Liz Tucker is a fiction writer, poet, playwright, essayist, and sixth-generation Californian living at 6600′ above sea level in the Sierra Nevada mountains with her husband and two children. Her short stories, often rooted in the fault-prone landscape of Northern California, can be found in a host of national and international literary publications. She is a two-time finalist with Glimmer Train’s Short Story Award for New Writers. The first chapter of her novel, Fault Lines, was published in The Bangalore Review and the third chapter received an Honorable Mention in the 2017 JuxtaProse Short Story Contest and was published in the JuxtaProse Magazine. If He Had, He Would was chosen as a finalist in the 2020 Craft Elements Fiction Contest and later published in Ponder Review Magazine. Her short story Apartment 14B was chosen by The Whistlingheadshot Fire as the introduction story for its themed issue on Truth in May 2012. Her essay Make Good Choices, a piece exploring the thrill of her 16-year daughter coming home from the DMV armed with her driver’s license against the backdrop of Ruth Bader Ginsberg’s death, was chosen as a finalist in Cutthroat Magazine’s 2020 Barry Lopez Prize for non-fiction.

Her other works of poetry and short fiction have been published in numerous literary journals, including: Transfer Magazine, Red River Review, The Aroostook Review, SNReview, and Tahoe Blues, an anthology published by Bona Fide books, and more. Her play, Catch and Release, was produced in Truckee Community Theater’s 10-Minute Play Fall Festival in 2019.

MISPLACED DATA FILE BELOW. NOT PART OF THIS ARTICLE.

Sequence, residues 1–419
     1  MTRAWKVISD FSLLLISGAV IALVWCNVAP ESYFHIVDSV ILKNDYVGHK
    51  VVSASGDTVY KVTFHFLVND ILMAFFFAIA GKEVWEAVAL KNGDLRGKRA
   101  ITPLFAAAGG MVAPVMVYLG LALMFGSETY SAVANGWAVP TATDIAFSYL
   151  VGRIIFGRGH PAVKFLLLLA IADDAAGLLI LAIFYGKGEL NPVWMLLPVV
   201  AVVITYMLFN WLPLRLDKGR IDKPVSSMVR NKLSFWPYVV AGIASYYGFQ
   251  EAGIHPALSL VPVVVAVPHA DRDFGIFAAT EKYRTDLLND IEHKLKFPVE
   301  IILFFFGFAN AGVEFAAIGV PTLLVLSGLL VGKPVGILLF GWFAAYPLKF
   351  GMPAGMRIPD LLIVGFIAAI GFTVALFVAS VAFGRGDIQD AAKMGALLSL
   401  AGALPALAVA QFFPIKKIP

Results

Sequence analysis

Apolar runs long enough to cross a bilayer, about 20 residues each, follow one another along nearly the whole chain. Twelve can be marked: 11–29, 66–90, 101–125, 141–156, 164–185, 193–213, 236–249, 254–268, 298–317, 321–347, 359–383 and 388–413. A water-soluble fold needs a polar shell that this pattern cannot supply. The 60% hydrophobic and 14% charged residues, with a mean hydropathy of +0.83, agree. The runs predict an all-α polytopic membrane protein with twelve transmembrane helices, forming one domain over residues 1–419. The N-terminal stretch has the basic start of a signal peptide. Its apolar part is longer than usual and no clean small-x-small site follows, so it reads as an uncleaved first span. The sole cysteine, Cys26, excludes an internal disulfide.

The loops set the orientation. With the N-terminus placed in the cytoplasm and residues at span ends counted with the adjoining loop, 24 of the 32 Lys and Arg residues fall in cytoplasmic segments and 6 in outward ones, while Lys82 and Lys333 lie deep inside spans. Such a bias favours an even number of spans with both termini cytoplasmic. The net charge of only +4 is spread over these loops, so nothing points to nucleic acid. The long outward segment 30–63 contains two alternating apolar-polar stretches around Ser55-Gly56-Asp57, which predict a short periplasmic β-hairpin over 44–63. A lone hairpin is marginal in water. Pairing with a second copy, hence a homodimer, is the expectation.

Her longer work of fiction, Fault Lines, is a novel-in-stories about a girl who must deal in the aftermath of her father’s suicide following his service in World War II. The novel exposes the harsh world of survivor guilt and the unspoken notions of blame this one unforgettable family endures long after the father’s death.  She is currently working on her second novel, You Don’t Belong Here, with Pam Houston and Josh Mohr.  Liz obtained her Bachelor of Arts degree in Journalism at San Diego State University, graduated summa cum laude from San Francisco State’s Creative Writing Program and most recently is a graduate of the Stanford Novel Writing Program and the Writing by Writers Draft Program.

When she is not writing or sawing away at her cello or plucking her upright bass, Liz can usually be found anywhere outside. She currently serves on the board of directors of Adventure Risk Challenge, a youth literacy and leadership non-profit, empowering at-risk teens to make positive change in their lives through integrated academics and wilderness experiences. 

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